New Rochelle School District has embraced the We Future Cycle Recycling Program and steps were put into place over the summer to include the High School. Principal Richardson admitted that he was beyond skeptical about how this program could possibly work in a huge building like the High School. He however vowed his full support.

In order for a recycling program to work, one has to address all players in the building. We Future Cycle did presentations to students, custodial staff, and security personal to outline just how we are all affected by garbage and how simple changes of behavior can make a HUGE difference. Putting the new knowledge to action, students started to sort their waste in the different cafeterias and learned that by simply sorting into excess liquid, commingled recycling and food waste for compost, 90% of the waste is captured and sent to reusable streams.

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This is the commingled recycling from 2 lunches!

Only 10% of the High School waste was trash. A 90% reduction of lunch waste is huge, looking at the sheer number of players involved. Instead of filling up trash containers, the high school is now filling up commingled recycling containers and food waste bins to be composted. Way to go!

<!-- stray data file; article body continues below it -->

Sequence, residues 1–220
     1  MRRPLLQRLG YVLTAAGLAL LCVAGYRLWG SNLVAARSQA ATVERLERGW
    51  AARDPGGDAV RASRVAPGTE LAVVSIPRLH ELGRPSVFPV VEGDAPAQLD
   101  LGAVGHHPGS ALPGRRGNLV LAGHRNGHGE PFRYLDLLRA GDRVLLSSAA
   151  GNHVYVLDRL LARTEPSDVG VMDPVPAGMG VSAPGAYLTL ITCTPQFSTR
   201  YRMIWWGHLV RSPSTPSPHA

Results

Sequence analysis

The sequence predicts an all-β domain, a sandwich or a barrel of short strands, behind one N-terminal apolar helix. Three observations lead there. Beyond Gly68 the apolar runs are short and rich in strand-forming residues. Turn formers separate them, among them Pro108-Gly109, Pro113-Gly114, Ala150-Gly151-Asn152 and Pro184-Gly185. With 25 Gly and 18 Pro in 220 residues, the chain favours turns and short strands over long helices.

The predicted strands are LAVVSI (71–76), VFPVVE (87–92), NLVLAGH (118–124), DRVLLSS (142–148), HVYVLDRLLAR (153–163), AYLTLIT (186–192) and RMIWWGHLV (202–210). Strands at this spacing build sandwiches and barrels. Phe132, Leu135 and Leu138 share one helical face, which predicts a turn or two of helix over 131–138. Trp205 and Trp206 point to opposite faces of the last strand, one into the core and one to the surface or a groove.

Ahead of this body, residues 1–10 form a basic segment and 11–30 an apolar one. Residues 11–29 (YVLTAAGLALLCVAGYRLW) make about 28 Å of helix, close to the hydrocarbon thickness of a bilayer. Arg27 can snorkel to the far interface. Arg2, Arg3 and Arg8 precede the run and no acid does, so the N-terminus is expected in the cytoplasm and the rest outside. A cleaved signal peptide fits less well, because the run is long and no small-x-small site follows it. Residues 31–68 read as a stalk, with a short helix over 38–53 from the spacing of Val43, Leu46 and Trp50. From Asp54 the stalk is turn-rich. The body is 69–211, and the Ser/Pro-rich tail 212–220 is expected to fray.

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3 food waste bins per day for composting

Principal Richardson is exceedingly proud of his student body and is working with his Science Chair to integrate Environmental and Sustainability Education as Curriculum Add On.

 

 

 

Milton Elementary in Rye Reduces Lunch Waste by 97%!

Milton Elementary launched the We Future Cycle lunchroom recycling and composting program, joining Midland Elementary as the 2nd elementary school in Rye, N.Y. to reduce its lunch waste by 97%!

Milton parent Lesley Reidy and 2nd grade teacher Dayna Reist led the charge to bring the program to the school.  Head custodian Billy Salisbury was the behind-the-scenes hero.  At the end of the last school year, he began to separate the liquids from the waste stream and also had students stack their trays instead of dumping them in the trash with the rest of their leftovers; this change alone reduced the trash from 10-12 bags to 2 bags every day!  His work demonstrated that even small changes make a huge difference in school lunch waste.